iconOpen Access

ARTICLE

Night Vision Object Tracking System Using Correlation Aware LSTM-Based Modified Yolo Algorithm

R. Anandha Murugan1,*, B. Sathyabama2

1 Department of Computer Science and Engineering, K.L.N. College of Engineering, 630612, Tamilnadu, India
2 Department of Electronics and Communication Engineering, Thiagarajar College of Engineering, Madurai, 625015, Tamilnadu, India

* Corresponding Author: R. Anandha Murugan. Email: email

Intelligent Automation & Soft Computing 2023, 36(1), 353-368. https://doi.org/10.32604/iasc.2023.032355

Abstract

Improved picture quality is critical to the effectiveness of object recognition and tracking. The consistency of those photos is impacted by night-video systems because the contrast between high-profile items and different atmospheric conditions, such as mist, fog, dust etc. The pictures then shift in intensity, colour, polarity and consistency. A general challenge for computer vision analyses lies in the horrid appearance of night images in arbitrary illumination and ambient environments. In recent years, target recognition techniques focused on deep learning and machine learning have become standard algorithms for object detection with the exponential growth of computer performance capabilities. However, the identification of objects in the night world also poses further problems because of the distorted backdrop and dim light. The Correlation aware LSTM based YOLO (You Look Only Once) classifier method for exact object recognition and determining its properties under night vision was a major inspiration for this work. In order to create virtual target sets similar to daily environments, we employ night images as inputs; and to obtain high enhanced image using histogram based enhancement and iterative wiener filter for removing the noise in the image. The process of the feature extraction and feature selection was done for electing the potential features using the Adaptive internal linear embedding (AILE) and uplift linear discriminant analysis (ULDA). The region of interest mask can be segmented using the Recurrent-Phase Level set Segmentation. Finally, we use deep convolution feature fusion and region of interest pooling to integrate the presently extremely sophisticated quicker Long short term memory based (LSTM) with YOLO method for object tracking system. A range of experimental findings demonstrate that our technique achieves high average accuracy with a precision of 99.7% for object detection of SSAN datasets that is considerably more than that of the other standard object detection mechanism. Our approach may therefore satisfy the true demands of night scene target detection applications. We very much believe that our method will help future research.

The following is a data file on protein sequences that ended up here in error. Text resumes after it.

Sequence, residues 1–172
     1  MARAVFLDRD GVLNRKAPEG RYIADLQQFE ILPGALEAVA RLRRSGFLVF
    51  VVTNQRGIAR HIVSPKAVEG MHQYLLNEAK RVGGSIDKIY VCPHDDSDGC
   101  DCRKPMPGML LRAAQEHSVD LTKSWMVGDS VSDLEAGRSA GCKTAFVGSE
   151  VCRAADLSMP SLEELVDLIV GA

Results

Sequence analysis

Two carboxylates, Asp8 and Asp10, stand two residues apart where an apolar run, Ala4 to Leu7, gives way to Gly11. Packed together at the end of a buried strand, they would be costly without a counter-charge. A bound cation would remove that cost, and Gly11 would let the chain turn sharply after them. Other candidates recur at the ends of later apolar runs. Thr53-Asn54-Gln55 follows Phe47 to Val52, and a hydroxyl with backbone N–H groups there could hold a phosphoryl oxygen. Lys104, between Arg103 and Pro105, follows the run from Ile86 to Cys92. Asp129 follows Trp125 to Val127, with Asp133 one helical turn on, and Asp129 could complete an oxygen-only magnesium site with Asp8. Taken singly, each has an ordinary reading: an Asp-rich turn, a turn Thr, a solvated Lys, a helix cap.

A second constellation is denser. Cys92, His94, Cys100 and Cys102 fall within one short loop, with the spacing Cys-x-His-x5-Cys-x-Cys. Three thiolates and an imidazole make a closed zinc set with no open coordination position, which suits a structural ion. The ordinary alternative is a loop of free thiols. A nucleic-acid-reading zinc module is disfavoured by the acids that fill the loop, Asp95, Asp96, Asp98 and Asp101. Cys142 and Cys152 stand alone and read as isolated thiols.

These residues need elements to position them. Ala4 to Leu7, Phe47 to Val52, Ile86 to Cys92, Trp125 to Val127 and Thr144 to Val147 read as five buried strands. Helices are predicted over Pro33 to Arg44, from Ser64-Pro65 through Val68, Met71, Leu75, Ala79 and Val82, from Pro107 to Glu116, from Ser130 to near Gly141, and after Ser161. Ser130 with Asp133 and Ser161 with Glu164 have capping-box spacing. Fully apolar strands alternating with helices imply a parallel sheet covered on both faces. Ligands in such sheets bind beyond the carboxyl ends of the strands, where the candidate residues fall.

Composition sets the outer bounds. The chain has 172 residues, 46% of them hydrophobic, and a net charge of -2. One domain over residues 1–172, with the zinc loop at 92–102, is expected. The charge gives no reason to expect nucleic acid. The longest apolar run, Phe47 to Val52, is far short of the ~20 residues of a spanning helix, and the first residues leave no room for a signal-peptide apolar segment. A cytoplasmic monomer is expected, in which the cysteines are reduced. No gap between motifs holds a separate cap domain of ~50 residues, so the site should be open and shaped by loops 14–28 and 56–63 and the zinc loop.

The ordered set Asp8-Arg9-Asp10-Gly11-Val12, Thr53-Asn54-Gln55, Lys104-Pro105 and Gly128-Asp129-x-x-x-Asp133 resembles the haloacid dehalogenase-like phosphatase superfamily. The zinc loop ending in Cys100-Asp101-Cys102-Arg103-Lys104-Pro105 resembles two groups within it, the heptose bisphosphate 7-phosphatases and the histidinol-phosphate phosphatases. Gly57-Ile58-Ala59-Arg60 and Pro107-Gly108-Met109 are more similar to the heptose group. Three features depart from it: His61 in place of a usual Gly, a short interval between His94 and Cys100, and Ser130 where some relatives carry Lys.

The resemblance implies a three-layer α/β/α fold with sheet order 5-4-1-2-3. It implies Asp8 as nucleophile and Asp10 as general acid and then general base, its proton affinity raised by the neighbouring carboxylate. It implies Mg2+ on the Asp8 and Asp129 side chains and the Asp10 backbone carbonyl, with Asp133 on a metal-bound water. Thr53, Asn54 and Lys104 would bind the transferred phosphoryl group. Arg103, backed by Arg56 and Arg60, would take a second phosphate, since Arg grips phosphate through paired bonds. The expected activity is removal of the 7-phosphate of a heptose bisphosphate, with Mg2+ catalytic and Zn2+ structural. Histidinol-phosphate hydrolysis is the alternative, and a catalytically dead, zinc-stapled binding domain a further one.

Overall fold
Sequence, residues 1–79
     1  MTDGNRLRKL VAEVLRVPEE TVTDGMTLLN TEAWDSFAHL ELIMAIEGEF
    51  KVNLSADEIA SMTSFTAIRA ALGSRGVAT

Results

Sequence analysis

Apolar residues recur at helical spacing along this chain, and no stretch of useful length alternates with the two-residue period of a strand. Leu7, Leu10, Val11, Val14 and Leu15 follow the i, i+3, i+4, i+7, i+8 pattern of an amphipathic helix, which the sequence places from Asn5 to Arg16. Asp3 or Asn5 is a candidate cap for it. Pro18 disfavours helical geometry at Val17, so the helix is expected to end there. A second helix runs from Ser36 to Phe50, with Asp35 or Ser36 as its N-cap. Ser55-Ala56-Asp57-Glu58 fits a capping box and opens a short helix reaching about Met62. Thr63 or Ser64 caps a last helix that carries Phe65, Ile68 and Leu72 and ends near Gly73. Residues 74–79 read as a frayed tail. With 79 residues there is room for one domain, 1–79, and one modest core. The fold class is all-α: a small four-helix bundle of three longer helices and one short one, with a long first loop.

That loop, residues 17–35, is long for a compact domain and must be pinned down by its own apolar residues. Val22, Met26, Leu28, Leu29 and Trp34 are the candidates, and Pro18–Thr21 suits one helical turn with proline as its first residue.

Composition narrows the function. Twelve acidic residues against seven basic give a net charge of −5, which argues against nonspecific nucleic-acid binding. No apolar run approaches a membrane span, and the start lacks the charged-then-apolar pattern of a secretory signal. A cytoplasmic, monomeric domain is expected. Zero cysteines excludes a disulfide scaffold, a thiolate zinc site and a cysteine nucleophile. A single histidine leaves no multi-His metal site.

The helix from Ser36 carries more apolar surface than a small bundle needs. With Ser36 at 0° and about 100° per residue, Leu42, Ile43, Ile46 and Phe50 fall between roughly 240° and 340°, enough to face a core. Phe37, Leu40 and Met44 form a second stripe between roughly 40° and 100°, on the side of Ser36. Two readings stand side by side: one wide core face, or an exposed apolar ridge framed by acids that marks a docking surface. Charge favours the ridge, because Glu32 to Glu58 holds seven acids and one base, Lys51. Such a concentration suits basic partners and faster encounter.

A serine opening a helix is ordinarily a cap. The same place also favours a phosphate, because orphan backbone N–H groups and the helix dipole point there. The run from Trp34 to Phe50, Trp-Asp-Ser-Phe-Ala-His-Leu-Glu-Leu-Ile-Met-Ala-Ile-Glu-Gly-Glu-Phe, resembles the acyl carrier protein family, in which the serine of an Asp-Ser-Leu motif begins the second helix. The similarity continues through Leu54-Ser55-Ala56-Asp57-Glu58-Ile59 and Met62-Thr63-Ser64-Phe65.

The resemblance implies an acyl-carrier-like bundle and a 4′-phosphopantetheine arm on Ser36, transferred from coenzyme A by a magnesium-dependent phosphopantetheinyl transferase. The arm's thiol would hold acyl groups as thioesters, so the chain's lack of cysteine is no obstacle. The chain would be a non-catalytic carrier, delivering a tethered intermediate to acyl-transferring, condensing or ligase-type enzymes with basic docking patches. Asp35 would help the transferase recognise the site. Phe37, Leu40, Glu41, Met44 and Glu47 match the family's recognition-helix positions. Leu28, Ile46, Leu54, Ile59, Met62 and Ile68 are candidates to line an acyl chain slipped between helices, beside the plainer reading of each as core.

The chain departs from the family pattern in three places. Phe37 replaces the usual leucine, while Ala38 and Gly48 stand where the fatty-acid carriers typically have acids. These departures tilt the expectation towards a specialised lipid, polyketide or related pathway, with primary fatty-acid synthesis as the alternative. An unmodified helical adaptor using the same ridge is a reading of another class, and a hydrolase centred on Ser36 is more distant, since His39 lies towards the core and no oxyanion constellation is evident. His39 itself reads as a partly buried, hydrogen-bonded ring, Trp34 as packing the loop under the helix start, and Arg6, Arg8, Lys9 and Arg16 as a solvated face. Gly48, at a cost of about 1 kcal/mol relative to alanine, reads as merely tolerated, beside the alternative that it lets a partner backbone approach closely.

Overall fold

Keywords


1  Introduction